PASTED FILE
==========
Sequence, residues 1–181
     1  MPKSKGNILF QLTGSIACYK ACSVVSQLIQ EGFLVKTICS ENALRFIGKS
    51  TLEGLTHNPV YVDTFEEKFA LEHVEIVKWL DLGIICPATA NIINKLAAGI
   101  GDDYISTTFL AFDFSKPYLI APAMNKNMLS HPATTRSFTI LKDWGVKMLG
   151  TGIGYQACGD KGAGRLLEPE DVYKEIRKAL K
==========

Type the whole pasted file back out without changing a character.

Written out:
Sequence, residues 1–181
     1  MPKSKGNILF QLTGSIACYK ACSVVSQLIQ EGFLVKTICS ENALRFIGKS
    51  TLEGLTHNPV YVDTFEEKFA LEHVEIVKWL DLGIICPATA NIINKLAAGI
   101  GDDYISTTFL AFDFSKPYLI APAMNKNMLS HPATTRSFTI LKDWGVKMLG
   151  TGIGYQACGD KGAGRLLEPE DVYKEIRKAL K